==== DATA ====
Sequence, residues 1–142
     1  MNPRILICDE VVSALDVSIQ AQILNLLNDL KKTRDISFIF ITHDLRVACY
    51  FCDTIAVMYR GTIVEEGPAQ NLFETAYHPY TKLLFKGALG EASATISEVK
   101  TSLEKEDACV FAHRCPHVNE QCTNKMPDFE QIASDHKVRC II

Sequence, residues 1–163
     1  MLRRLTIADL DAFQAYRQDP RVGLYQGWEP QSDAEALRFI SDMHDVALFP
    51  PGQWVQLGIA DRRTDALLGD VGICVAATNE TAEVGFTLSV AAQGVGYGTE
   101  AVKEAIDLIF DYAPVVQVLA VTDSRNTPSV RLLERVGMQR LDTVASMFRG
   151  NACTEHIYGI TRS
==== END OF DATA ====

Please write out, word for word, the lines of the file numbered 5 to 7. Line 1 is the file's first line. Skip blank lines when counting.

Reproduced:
Sequence, residues 1–163
     1  MLRRLTIADL DAFQAYRQDP RVGLYQGWEP QSDAEALRFI SDMHDVALFP
    51  PGQWVQLGIA DRRTDALLGD VGICVAATNE TAEVGFTLSV AAQGVGYGTE